Existing law requires contractors and subcontractors hired for taxpayer-funded public construction projects to pay a fair wage based on local standards. Under HB 104, they would only be required to pay minimum wage.

Although he said changes are needed in how local prevailing wages are calculated under the law, state Sen. Wayne Wallingford, R-Cape Girardeau, said prevailing wage helps to ensure “quality craftsmanship” on public works projects, the Southeast Missourian reported on March 30. “My goal is to fix it, not just throw it away,” Wallingford told the paper.



Missouri has resisted complying with the REAL ID Act for more than a decade, and in 2009 went so far as enacting a law explicitly prohibiting state agencies from taking action to comply with the federal law.

Compliance has taken on new urgency this year, however, as beginning, next year state-issued identification that doesn’t meet the REAL ID requirement won’t be allowed to be used to board commercial flights or enter federal buildings.

The House of Representatives on March 30 voted 99-40-8 for legislation that would bring Missouri driver’s licenses into compliance with the federal REAL ID Act of 2005. The bill now advances to the Senate, where it faces an uncertain future.


The House of Representatives on March 29 voted 109-40 to grant first-round approval to legislation to establish a statewide prescription drug monitoring program. Missouri is the only state that hasn’t enacted such a program, which is intended to combat prescription narcotics abuse by tracking patients who obtain multiple prescriptions from different doctors.

Missouri has continued to holdout due to fierce opposition from a group of conservatives who see prescription monitoring as an unwarranted government intrusion into patient privacy. A second vote is required to send the measure, House Bill 90, to the Senate, which approved a far more limited drug monitoring program four weeks ago.

Opinion CountsThe 77th District legislative survey (only for residents within the 77th legislative district) will contain questions on topics including appropriations, civil rights, law enforcement, transportation infrastructure, corrections, public defenders, economic development, telecommunications, and weapons. The online version of the survey can be found on my official House page For more information or to request a mailed copy, constituents can contact my office at (573) 751-1400 or by email at

Deadline for Survey 04/24/2017


MED Week Awards Program

The MBDA National MED Week Awards Program is designed to celebrate and recognize the outstanding achievements of minority entrepreneurs, as well as individuals and organizations that have demonstrated leadership and commitment in advancing global minority business enterprise.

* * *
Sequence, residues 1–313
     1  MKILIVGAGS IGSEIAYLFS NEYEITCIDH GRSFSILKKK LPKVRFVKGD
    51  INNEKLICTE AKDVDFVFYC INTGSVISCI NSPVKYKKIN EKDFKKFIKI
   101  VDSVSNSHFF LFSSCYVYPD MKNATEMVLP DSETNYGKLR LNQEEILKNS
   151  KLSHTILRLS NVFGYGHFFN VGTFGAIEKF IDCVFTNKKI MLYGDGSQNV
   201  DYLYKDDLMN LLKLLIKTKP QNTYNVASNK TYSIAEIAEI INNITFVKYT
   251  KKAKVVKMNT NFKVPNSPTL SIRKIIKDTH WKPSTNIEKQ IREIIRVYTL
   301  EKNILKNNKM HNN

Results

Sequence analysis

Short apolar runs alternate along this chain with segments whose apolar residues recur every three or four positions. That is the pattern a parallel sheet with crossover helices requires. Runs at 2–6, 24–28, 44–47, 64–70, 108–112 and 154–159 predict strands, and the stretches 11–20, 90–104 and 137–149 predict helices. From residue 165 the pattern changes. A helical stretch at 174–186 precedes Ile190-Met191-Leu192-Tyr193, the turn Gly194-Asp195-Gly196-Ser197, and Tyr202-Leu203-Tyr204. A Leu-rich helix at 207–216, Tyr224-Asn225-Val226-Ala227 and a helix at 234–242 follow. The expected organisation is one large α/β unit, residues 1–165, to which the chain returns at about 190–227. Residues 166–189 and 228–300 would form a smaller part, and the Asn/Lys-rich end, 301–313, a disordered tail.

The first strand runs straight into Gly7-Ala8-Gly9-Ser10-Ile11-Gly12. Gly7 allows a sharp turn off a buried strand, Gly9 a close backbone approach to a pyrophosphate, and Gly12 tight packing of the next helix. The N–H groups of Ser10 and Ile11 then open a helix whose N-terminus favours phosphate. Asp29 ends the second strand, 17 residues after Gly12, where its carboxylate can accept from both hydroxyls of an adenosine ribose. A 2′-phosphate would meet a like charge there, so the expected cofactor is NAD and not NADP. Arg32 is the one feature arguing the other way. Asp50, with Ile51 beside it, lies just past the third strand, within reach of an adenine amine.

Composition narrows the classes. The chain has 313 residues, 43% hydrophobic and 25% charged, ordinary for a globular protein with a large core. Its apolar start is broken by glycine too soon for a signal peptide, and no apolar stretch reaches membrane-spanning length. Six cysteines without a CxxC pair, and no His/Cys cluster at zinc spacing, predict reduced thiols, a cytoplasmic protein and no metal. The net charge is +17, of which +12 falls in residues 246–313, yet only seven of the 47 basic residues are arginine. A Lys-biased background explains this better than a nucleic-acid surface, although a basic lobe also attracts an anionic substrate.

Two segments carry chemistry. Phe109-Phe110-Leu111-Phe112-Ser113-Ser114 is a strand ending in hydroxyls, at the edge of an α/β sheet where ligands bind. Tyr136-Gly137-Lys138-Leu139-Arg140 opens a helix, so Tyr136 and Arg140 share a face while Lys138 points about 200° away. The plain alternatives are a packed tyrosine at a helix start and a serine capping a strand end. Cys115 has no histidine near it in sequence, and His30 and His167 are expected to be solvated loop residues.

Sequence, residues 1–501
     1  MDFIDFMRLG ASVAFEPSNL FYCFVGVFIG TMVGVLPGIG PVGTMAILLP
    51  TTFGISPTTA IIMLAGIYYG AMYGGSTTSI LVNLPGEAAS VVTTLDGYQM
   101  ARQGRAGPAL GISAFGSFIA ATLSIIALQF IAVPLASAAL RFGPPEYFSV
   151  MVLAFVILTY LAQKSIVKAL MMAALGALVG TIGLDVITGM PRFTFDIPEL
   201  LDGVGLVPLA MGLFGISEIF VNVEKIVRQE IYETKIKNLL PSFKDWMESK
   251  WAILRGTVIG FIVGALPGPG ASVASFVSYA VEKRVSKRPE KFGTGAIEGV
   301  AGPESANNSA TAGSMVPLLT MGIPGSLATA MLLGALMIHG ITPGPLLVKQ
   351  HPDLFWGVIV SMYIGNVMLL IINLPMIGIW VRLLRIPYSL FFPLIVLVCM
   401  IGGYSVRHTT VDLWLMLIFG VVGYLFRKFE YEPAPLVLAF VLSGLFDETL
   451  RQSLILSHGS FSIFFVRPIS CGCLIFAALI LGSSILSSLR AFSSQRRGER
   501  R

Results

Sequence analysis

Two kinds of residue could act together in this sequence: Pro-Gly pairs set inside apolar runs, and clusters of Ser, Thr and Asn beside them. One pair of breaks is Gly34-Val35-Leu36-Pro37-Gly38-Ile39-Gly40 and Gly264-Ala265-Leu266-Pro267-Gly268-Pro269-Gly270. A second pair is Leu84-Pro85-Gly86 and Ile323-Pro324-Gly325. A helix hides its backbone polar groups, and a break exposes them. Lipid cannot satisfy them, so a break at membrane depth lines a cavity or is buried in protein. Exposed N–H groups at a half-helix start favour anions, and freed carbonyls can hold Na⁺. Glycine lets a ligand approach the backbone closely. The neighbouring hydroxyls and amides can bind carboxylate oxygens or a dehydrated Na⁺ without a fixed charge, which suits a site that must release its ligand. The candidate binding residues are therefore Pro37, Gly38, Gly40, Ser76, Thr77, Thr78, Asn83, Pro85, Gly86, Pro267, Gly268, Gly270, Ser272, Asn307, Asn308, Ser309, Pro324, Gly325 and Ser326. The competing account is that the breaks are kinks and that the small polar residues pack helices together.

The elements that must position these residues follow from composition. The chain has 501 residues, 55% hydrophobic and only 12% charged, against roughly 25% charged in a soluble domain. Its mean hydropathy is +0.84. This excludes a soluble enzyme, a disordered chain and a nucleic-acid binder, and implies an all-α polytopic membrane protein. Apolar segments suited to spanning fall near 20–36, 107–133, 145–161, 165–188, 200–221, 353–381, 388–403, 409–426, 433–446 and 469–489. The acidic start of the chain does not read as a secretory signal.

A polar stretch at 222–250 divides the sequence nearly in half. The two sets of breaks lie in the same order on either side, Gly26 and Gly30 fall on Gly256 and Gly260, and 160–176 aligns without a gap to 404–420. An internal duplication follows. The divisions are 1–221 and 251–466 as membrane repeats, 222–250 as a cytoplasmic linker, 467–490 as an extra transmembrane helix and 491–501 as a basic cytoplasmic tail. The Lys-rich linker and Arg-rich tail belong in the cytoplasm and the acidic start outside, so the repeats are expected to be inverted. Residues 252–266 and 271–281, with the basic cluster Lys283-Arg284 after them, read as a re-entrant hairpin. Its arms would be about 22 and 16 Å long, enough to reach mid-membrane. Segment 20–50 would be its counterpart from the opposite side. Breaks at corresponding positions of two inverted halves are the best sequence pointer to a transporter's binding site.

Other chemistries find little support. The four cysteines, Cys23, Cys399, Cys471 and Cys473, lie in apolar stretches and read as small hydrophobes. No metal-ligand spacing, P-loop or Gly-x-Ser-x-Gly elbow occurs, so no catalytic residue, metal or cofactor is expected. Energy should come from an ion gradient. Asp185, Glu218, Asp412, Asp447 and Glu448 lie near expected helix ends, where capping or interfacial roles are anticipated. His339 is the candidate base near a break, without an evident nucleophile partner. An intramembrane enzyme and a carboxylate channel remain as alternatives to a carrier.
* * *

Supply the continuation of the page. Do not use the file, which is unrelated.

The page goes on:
The MBDA Awards are commemorative and will be given in the following categories:


* Minority Construction Firm of the Year

Presented to a minority-owned business that has achieved outstanding success in private or public sector construction projects and has exhibited revenue and job growth over a sustained period.

* Minority Export Firm of the Year

Presented to the minority-owned firm that has achieved outstanding success in penetrating domestic and global markets.

* Minority Manufacturing Firm of the Year

Presented to a minority-owned firm that has achieved significant success in employing new and innovative techniques that led to a large increase in market share, job growth, and customer satisfaction.

* Minority Energy Firm of the Year

Presented to the minority-owned firm in the energy industry whose goods and services promote energy efficient projects achieving notable success resulting in improvement of the environment, proficiency, and customer satisfaction.

* Minority Health Products And Services Firm of the Year

Presented to a minority-owned firm that has improved the quality and delivery of healthcare through innovation.

* Minority Technology Firm of the Year

Presented to a minority-owned firm that has achieved outstanding success in promoting the use of technology in new and innovative ways, leading to greater efficiency and higher productivity.

* Minority Marketing and Communication Firm of the Year

Presented to a minority-owned firm who has achieved notable success in the marketing and communication industry by demonstrating creativity and impact.